The Brazilian government on Thursday announced fresh tax incentives to spur carmakers to invest in innovative technology and more fuel efficient models.
"We are launching a new system aimed at giving a strong impetus to the Brazilian auto industry," Finance Minister Guido Mantega told reporters.
"The goal is to create jobs and we also want the consumer to have a better, more efficient and more modern product; cheaper and less polluting," he added.
The plan sets a 2016 target of 17.2 kilometers (11 miles) to the liter for gasoline and 11.9 kilometers to the liter for ethanol, a 12 percent improvement in fuel efficiency, Industry and Trade Minister Fernando Pimentel said.
He said authorities want to bring "innovation technology to Brazil and to develop projects here for export around the world."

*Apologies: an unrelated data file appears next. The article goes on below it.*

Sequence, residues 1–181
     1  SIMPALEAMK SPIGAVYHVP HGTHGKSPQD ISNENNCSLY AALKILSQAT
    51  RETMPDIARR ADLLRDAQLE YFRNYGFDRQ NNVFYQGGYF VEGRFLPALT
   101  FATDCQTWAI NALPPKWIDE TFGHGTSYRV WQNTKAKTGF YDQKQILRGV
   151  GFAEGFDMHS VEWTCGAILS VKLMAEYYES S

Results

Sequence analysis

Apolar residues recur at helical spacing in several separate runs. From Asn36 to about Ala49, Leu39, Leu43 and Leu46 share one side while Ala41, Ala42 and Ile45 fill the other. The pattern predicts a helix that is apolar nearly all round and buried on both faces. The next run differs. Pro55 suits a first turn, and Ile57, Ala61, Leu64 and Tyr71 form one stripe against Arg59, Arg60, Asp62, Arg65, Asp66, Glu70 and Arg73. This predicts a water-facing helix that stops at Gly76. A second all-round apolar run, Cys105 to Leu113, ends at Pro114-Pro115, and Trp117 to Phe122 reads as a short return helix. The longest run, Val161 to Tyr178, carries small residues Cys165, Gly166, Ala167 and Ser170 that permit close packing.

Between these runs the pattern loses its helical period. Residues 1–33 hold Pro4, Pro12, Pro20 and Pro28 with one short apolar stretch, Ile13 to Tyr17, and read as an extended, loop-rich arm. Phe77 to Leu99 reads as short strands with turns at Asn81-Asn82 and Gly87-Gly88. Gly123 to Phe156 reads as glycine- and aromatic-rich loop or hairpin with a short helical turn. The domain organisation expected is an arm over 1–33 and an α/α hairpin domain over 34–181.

Home to 194 million people, Brazil currently ranks as the world's fourth largest car market behind the United States, China and Japan.
The industry, which currently employs 147,000 people, contributes 20 percent of the country's industrial GDP.
Brazil is currently the world's seventh largest auto maker, with an annual output of 3.4 million vehicles.
The government said automakers plan to invest $22 billion over the next three years in the sector, with Pimentel noting that German automaker BMW would soon open a plant in Brazil.
A year ago, the government raised by 30 percent the IPI, a federal excise tax applied to imported industrial goods, to boost auto production with a majority of local content or from Mercosur, South America's trade bloc.
That move triggered charges of protectionism, but the plan announced Thursday will reduce by two percent the IPI for automakers investing in technological innovation or in greater fuel efficiency.